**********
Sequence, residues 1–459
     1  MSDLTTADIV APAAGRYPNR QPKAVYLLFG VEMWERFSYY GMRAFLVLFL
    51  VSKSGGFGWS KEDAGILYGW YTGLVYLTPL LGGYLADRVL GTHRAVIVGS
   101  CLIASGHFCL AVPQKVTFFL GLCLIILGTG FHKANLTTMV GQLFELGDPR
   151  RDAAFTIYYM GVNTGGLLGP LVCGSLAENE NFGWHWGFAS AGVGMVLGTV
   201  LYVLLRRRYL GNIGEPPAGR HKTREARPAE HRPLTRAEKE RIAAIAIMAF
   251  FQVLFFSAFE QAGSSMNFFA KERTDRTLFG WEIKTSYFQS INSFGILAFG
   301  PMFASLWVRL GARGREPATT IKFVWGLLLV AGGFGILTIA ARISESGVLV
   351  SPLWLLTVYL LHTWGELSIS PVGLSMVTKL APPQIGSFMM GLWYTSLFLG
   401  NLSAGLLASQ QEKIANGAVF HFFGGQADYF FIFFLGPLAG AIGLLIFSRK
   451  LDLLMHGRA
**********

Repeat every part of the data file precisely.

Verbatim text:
Sequence, residues 1–459
     1  MSDLTTADIV APAAGRYPNR QPKAVYLLFG VEMWERFSYY GMRAFLVLFL
    51  VSKSGGFGWS KEDAGILYGW YTGLVYLTPL LGGYLADRVL GTHRAVIVGS
   101  CLIASGHFCL AVPQKVTFFL GLCLIILGTG FHKANLTTMV GQLFELGDPR
   151  RDAAFTIYYM GVNTGGLLGP LVCGSLAENE NFGWHWGFAS AGVGMVLGTV
   201  LYVLLRRRYL GNIGEPPAGR HKTREARPAE HRPLTRAEKE RIAAIAIMAF
   251  FQVLFFSAFE QAGSSMNFFA KERTDRTLFG WEIKTSYFQS INSFGILAFG
   301  PMFASLWVRL GARGREPATT IKFVWGLLLV AGGFGILTIA ARISESGVLV
   351  SPLWLLTVYL LHTWGELSIS PVGLSMVTKL APPQIGSFMM GLWYTSLFLG
   401  NLSAGLLASQ QEKIANGAVF HFFGGQADYF FIFFLGPLAG AIGLLIFSRK
   451  LDLLMHGRA